Every now and then, I want to be a grandparent, setting aside certain occasions when I’m just going to enjoy these children — sort of a spiritual Sabbath where I won’t do the “work” of parenting but rather just rest and enjoy them. I’m not going to tell them to sit up. I won’t bug them about their grammar or ask them if their rooms are clean. Instead, I’ll recognize the treasure we call time, the gift of living in the present, the spiritual joy of walking in Sabbath.

One afternoon or evening this week, why don’t you join me and do the same? Treat yourself and your kids to a parenting “Sabbath” in which you live fully in the present moment, leaving future anxieties and concerns in God’s hands and drinking deeply of the joy of living for the here and now.

Heavenly Father, help us to appreciate the wonder of the present the way we will someday when active parenting is a distant memory. In the midst of training our kids, help us to enjoy them and embrace the treasure of an ordinary day. In Jesus’ name, amen.

Questions for Reflection

  1. Talk about the difference between grandparenting and parenting; see if there are any insights in that discussion about how you could increase the joy of parenting by taking on the attitude of a grandparent from time to time.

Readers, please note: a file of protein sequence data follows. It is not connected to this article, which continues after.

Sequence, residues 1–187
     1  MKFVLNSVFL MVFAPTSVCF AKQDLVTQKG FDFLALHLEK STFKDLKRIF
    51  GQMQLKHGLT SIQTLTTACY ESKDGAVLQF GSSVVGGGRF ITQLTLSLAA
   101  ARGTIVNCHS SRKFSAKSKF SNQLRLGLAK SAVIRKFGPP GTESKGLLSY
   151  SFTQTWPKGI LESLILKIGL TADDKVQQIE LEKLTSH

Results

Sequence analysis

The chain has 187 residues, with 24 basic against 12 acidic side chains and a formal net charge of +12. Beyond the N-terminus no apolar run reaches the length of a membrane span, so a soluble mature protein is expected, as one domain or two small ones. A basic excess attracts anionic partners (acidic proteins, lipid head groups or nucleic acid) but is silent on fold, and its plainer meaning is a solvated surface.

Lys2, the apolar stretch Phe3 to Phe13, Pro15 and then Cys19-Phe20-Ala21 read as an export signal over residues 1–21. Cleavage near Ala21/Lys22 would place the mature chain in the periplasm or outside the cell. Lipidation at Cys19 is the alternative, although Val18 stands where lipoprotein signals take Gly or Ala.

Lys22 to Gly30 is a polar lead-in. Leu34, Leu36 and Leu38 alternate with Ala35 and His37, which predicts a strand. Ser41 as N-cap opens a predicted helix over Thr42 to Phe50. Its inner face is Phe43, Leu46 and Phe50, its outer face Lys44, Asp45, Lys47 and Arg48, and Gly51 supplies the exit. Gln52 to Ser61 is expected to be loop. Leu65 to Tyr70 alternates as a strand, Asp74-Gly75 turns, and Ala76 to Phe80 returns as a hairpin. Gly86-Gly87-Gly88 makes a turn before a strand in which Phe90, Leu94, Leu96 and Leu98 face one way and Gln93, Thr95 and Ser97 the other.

2. How far away are you from being an “empty nester”? Let the reality that parenting is a finite season help you treasure every day with your children as the gift that it is.

Notes

1.Yona Zeldis McDonough, The Four Temperaments (New York: Doubleday, 2002), 293.
2.Blaise Pascal, Pensees (New York: Penguin, 1966), 43.

Excerpted with permission from Devotions for Sacred Parenting by Gary Thomas, copyright Gary L. Thomas.

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Your Turn

Enjoy your kids today! Take a Sabbath rest. Leave the laundry and the budget for tomorrow. Set aside frustration and stresses and pause and enjoy today! Come share your thoughts with us on our blog!

Gary L. Thomas

Gary Thomas is a writer in residence at Second Baptist Church in Houston, Texas, and an adjunct faculty member teaching on spiritual formation at Western Seminary in Portland, Oregon. He is the author of over a dozen books, including Sacred Marriage, Sacred Pathways, Pure Pleasure, Sacred Parenting, and the Gold Medallion Award-winning Authentic Faith.